The first time Grace, the vice-chairman of HUG Community Services, experienced a cardiac arrest, she was only 20 years old.
Her day at a swimming pool ended abruptly when she passed out and regained consciousness in Changi General Hospital (CGH).
The nurses informed her that someone had saved her by performing cardiopulmonary resuscitation (CPR) on her.
To this day, the identity of her saviour remains unknown.
Grace revealed that she would have loved to thank the person who had saved her.
Another four cardiac arrests
In an interview with Mothership, Grace revealed that she has myeloma, meaning that she is a bone marrow cancer patient. She is currently in remission.
However, she would forget to take her medication at times due to her workaholic nature, which she suspects could be the cause of her cardiac arrests.
To date, Grace has experienced another four cardiac arrests, and her colleague, 54-year-old Jeffrey, the founder of HUG, had administered CPR to save her life each time.
As Jeffrey is Grace’s mentor and is aware of her condition, he makes it a point to accompany Grace wherever she goes. Otherwise, he would make sure someone else is with Grace to ensure her safety.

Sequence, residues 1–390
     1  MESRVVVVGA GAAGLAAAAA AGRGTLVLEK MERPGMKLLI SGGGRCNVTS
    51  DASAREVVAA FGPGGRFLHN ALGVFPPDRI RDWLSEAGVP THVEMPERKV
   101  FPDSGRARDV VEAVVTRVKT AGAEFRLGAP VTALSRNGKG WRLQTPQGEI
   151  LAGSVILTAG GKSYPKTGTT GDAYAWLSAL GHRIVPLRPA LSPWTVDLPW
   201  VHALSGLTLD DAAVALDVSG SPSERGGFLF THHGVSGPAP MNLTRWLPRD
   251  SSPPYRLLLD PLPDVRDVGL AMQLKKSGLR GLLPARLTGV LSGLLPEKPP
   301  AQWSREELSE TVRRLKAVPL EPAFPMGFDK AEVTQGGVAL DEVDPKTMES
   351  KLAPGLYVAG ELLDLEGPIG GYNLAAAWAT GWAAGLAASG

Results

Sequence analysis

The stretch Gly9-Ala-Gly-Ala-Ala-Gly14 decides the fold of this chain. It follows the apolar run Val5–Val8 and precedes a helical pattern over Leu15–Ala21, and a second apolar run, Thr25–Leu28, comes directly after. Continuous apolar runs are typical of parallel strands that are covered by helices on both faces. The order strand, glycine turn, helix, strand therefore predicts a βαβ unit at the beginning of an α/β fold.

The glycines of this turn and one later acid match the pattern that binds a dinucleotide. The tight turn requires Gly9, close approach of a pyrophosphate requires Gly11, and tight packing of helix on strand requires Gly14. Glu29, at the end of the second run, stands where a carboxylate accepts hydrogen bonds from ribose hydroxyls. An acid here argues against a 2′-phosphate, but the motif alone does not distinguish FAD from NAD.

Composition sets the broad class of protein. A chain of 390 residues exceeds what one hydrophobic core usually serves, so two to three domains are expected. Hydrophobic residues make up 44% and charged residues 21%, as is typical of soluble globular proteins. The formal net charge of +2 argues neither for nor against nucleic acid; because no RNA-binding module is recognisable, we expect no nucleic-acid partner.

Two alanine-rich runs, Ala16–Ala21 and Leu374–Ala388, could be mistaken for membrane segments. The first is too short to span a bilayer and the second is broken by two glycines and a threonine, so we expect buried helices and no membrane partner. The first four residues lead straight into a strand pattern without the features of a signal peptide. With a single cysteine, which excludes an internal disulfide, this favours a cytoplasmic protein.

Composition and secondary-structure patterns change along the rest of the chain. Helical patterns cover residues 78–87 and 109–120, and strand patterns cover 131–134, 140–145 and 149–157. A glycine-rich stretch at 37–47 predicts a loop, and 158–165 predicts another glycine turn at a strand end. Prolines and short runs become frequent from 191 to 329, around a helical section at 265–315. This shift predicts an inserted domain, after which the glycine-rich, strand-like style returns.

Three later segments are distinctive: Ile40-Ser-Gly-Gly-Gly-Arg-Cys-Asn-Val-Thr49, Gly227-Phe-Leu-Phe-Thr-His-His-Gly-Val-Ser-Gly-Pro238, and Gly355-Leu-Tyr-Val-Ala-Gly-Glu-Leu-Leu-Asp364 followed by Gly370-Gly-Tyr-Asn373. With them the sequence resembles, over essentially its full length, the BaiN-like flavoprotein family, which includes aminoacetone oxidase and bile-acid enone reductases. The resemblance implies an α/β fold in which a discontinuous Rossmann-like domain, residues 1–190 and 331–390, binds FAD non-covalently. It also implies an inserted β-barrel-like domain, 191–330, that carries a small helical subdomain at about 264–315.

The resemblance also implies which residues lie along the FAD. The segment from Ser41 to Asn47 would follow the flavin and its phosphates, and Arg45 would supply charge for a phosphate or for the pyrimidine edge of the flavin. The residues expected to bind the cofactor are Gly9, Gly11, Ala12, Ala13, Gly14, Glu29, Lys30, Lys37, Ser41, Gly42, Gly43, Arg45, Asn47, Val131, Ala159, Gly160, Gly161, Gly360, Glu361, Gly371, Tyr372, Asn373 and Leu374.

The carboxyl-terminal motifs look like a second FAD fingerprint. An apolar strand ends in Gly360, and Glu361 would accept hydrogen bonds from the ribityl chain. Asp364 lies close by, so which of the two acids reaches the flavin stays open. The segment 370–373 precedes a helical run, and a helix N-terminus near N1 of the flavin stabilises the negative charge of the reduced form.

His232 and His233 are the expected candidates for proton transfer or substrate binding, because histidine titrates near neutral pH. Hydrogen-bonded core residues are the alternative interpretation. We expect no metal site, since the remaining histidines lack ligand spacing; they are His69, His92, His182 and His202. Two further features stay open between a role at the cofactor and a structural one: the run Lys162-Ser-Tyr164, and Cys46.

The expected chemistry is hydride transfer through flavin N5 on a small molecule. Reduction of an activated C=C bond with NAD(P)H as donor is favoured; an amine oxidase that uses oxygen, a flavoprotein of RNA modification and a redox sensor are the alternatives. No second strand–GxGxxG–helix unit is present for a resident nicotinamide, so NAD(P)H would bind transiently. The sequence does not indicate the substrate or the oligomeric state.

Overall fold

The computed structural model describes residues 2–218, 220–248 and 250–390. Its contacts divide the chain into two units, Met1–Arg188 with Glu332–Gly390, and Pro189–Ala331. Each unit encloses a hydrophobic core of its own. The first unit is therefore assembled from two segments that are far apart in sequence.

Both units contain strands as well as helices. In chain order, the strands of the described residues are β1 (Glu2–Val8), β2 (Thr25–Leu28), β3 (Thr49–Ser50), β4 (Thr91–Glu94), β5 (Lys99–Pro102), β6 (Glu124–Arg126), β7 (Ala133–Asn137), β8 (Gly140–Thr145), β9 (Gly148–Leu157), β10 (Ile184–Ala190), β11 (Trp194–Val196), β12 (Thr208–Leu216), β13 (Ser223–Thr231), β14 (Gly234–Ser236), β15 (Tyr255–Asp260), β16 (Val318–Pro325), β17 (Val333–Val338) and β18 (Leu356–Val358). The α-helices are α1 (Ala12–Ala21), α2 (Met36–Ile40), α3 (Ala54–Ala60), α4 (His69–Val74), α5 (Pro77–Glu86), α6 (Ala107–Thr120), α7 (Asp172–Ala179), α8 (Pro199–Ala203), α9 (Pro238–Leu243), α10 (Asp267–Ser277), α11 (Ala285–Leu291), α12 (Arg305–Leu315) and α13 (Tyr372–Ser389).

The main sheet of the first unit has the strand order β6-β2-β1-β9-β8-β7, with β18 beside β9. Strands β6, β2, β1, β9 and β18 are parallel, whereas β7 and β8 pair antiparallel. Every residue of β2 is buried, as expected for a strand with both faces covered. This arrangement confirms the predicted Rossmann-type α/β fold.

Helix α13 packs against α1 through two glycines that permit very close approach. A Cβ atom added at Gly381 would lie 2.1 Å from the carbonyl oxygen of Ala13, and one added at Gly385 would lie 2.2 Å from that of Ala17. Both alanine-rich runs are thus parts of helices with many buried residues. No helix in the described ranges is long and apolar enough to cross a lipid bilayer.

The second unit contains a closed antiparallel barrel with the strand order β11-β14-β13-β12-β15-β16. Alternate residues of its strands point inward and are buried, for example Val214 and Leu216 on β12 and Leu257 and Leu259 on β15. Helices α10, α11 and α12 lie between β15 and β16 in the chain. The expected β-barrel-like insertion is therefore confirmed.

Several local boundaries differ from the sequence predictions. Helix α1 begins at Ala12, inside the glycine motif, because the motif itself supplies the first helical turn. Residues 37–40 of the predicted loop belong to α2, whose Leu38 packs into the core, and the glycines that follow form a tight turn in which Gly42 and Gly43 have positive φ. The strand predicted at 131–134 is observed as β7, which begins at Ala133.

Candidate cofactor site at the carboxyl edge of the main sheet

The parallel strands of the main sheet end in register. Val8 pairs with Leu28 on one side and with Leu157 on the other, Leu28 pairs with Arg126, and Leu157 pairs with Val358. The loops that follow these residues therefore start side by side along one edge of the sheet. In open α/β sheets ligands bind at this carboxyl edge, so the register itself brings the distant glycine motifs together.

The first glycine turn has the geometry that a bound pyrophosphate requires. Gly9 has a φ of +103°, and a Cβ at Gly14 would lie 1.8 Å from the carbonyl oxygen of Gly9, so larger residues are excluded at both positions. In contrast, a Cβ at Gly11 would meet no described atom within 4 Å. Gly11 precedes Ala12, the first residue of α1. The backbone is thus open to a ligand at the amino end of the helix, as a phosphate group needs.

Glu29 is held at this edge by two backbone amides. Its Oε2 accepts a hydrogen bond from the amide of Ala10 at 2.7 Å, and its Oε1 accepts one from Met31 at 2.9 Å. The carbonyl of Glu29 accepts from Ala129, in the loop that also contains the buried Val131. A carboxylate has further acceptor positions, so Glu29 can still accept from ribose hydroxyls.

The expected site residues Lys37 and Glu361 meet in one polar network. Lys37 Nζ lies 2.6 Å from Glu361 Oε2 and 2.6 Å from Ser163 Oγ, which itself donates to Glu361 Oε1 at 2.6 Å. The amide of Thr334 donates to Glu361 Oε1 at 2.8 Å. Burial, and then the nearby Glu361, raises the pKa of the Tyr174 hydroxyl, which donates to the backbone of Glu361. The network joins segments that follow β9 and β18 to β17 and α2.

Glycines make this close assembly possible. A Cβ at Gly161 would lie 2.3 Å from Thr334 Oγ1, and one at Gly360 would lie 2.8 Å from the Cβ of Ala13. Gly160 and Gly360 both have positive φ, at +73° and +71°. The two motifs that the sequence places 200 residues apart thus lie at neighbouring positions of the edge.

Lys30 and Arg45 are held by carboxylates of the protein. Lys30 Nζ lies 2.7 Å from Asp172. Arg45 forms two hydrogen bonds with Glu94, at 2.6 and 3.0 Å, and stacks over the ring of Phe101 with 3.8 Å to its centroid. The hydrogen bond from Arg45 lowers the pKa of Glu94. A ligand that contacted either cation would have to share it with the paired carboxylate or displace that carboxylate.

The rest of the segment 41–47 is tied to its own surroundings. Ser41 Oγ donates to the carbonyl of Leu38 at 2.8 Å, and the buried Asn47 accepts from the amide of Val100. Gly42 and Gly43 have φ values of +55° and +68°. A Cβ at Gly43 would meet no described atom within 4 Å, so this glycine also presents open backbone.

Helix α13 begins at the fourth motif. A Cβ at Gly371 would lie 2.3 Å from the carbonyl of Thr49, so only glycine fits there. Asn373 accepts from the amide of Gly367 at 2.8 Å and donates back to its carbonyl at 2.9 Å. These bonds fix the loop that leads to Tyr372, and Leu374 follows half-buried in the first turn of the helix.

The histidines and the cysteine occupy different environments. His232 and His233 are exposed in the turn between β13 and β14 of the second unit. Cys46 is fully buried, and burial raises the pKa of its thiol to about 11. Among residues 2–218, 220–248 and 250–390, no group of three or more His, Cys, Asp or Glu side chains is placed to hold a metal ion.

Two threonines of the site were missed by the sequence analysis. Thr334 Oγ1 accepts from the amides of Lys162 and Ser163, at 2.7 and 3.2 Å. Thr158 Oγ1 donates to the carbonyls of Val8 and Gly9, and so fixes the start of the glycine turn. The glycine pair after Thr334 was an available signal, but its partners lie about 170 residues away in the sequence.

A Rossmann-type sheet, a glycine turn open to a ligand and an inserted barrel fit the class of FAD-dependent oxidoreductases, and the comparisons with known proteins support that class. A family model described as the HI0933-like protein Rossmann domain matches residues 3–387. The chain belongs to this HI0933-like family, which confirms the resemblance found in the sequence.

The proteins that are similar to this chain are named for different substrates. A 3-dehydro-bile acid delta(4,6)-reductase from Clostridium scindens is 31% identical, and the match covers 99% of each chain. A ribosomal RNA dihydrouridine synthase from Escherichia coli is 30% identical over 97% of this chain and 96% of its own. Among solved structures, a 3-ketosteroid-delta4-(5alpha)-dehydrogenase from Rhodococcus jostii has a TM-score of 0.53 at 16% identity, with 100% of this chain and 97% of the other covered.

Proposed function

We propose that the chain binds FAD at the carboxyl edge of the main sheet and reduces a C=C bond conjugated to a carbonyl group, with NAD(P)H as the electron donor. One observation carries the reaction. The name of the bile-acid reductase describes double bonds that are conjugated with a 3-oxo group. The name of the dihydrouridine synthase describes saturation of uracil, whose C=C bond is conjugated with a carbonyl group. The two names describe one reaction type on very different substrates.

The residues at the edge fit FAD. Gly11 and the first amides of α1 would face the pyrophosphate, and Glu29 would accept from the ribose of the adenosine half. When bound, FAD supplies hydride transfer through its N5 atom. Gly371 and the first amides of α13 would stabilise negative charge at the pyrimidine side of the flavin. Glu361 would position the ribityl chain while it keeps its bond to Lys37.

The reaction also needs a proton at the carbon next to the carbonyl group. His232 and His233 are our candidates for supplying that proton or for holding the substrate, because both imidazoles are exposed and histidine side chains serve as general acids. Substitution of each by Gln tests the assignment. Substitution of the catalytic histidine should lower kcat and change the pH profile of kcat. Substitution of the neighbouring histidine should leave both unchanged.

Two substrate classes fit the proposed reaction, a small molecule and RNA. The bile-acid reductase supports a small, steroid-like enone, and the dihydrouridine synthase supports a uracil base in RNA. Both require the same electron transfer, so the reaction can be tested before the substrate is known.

Grace recounted her second cardiac arrest, which happened around four years ago in Jeffrey’s car.
She said, “That evening I was feeling very, very, tired, so I closed my eyes to rest. The next thing I knew, someone was shaking me to wake me up, but I felt very groggy, sleepy, and I just wanted to tell that person to not bother me and let me sleep.”
When Grace regained consciousness, she noticed that Jeffrey was panicking and his head was “full of sweat”. She did not realise that she had collapsed.
Jeffrey later told her that her heart had stopped beating and her breathing was shallow.
Third and subsequent cardiac arrests